or a combination of the following evidence-based approaches to psychological rehabilitation is recommended: • Cognitive-Behavioural Therapy (CBT). This essentially • involves helping the person to first explore and identify • unhelpful patterns of thoughts and behaviour which are known • to perpetuate the ongoing psychological difficulties and, • second, to gradually challenge these by learning and applying • more realistic and adaptive ways of thinking and behaving. As • such the emphasis is not just on getting the person to change • ‘negative thinking’ but also to help them put in place helpful • practical and behavioural changes. Treatment courses can last • from 6 sessions to around 20 sessions. • Systematic Behavioural Desensitisation. This is really a • component of CBT but can be used alone. It is particularly • useful in treating phobias such as travel anxiety. The main • idea is to get the person to draw up a graded hierarchy of their • feared situation and then help them to gradually face up to each • step starting from a situation which is reasonably comfortable. • The person is taught to use relaxation and anxiety management • strategies as they work through the steps. Treatment courses • can be from 6 sessions to around 20 sessions. • Eye Movement Desensitisation and Reprocessing(EMDR). • This is a form of therapy, used particularly with PTSD, in which • the therapist helps the patient to recall and reprocess the • emotions from the traumatic incident. The therapist does this • through trying to stimulate the person’s brain through • stimulating eye movements and using sound. Some patients • have been known to respond well to this treatment within a few • sessions. • Pain Management/Physical Rehabilitation. This intervention • is usually based on a CBT framework. As such, the treatment • is consistent with the evidence-base which strongly supports • the need for a biopsychosocial approach to managing chronic • physical problems such as pain. An ‘outright cure’ of physical • disability or pain is not seen to be realistic. Instead the • individual is taught cognitive and behavioural strategies to • help them to self-manage, to cope with the pain and to • make realistic adjustments to their quality of life. This treatment • course can be given in the form of individual treatment lasting • from 6-16 sessions. Group pain management programmes • are also well established and very effective. The typical format • is that the person attends a group of around 8 other patients • that is facilitated by a multidisciplinary team and that involves • attending for 1-2 long sessions per week for up to 8 weeks. q • Dr Aftab Laher is a Consultant Clinical and Health Psychologist. He is HPC Registered and an Accredited Cognitive Behavioural Psychotherapist.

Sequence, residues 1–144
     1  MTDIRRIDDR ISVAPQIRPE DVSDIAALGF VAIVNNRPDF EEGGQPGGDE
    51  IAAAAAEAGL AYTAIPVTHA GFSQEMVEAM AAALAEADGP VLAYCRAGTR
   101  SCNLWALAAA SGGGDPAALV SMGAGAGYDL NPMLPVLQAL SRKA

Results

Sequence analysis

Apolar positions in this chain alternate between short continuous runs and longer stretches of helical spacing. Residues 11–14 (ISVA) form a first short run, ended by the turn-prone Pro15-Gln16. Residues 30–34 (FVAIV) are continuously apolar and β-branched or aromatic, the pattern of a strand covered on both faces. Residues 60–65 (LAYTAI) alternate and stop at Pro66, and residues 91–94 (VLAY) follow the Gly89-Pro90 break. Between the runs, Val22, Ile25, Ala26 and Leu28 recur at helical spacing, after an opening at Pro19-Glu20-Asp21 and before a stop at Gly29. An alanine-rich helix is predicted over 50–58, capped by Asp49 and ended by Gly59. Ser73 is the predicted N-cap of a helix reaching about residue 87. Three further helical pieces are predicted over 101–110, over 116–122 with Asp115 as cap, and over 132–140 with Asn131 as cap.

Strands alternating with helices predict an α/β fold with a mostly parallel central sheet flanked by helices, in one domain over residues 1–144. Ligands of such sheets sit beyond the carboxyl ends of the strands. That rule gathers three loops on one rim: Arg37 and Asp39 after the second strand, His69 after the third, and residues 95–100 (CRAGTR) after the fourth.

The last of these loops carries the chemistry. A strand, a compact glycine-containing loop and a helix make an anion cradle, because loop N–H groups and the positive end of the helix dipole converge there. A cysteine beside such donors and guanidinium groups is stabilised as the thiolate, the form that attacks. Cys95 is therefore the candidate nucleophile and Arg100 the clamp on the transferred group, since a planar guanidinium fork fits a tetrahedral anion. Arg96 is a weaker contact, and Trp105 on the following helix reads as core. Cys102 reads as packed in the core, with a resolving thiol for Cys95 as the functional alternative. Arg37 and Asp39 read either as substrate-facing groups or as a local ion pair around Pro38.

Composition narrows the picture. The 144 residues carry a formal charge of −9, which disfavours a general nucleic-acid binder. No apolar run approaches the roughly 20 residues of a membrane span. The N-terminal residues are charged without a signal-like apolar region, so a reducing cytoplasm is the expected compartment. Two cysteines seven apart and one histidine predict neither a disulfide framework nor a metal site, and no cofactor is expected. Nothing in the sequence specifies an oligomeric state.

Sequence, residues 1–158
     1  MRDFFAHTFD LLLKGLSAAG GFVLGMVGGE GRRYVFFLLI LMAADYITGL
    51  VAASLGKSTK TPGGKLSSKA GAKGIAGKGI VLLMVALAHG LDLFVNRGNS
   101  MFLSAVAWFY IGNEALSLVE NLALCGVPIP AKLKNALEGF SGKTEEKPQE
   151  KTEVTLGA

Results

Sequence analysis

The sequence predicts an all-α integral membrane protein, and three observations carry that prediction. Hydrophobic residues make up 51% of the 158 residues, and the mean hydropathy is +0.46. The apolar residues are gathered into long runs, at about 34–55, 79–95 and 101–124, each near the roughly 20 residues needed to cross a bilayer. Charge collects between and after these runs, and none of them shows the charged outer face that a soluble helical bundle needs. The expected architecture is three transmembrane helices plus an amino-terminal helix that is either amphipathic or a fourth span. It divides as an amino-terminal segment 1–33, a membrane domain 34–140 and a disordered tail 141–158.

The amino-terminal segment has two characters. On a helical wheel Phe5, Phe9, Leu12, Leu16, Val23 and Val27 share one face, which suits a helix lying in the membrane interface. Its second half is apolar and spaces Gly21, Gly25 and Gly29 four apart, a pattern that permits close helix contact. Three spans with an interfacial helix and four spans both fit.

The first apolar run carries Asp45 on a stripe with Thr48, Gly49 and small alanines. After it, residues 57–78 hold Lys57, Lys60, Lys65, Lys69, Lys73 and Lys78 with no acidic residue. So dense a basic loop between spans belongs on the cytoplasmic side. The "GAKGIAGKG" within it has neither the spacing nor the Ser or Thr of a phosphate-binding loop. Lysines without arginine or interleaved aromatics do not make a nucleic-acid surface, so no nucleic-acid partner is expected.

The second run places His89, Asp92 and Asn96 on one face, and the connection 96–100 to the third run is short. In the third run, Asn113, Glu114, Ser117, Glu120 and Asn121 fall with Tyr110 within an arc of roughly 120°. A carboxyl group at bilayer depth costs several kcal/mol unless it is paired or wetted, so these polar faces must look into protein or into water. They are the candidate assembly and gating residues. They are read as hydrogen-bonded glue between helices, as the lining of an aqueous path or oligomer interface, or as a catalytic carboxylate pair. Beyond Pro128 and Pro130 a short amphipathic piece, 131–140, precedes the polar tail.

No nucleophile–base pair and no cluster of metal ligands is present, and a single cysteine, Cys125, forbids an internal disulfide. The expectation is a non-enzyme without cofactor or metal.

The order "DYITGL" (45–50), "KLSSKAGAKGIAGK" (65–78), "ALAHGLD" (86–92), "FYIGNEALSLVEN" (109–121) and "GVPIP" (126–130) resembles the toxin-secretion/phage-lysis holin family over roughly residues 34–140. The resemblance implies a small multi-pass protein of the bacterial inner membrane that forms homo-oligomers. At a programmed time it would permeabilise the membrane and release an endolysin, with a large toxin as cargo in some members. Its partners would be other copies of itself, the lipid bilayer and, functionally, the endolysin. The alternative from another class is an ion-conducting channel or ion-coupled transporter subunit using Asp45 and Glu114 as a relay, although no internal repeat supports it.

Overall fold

The tools of fire investigation by David Townsend FIFireE, MFSSoc ONE PROVEN AND established tool in fire investigation is the use of fire dogs. Their purpose is to detect the presence of flammable liquid or flammable liquid residue in fire debris and they can be trained to detect as many as 10 different odours. They indicate to handlers any positive find by various means such as sitting, staring, nose pointing or pawing (although pawing is generally discouraged due to disturbance of evidence). Their olfactory abilities are not in doubt – between 250 and 2000 times more sensitive than a human nose and they can detect odours far more dilute than those detected by portable gas detectors. When compared to portable gas detectors, a dog’s best asset is speed. A dog can sweep a whole neighbourhood in minutes for any discarded bottle or canister that may have been used to carry the liquid. These items, when found, are often undamaged by fire and yield forensic evidence to link to a suspect. The fire investigation canine is a ‘tool in the box’- but does not and should not replace any other. It can only tell it’s handler that it has found something of interest to itself. Something that it thinks will earn a reward (a favourite ball). Most times the dog will react to one of the odours for which it is trained. Of course it cannot discern between the odours - that is a job for the laboratory. But there are sometimes false indications. Some hydrocarbon-based materials at fresh fire scenes emit vapours similar to the dog’s target odours. The dog may learn that making a positive indication earns the reward it craves in this fun game. It is also the case that a fast-acting dog may miss a trace. This is why it is important for a fire scene to be examined by a trained and experienced investigator.

Portable gas detectors have their place too. Essentially, they sample the atmosphere and pass the sample over an element that compares the sample’s flammability with the gas upon which the detector has been calibrated (there are many designs and operating systems). They give a reading of the concentration of the gas or flammable vapour detected and can aid with locating the optimum area from which to take a sample for laboratory analysis. It may also indicate that the area should be evacuated! They are quick and easy to use and can be used in inaccessible places such as under floors and in voids. They can be used to outline an area of flammable vapours, thus tracing the approximate area of any pouring of flammable liquid and identifying separate pour areas. Although both dogs and gas detectors play a vital role in fire investigation, probably the most important tool of a fire investigator is personal skill that is founded on experience and training, together with a tenacious, enquiring mind. q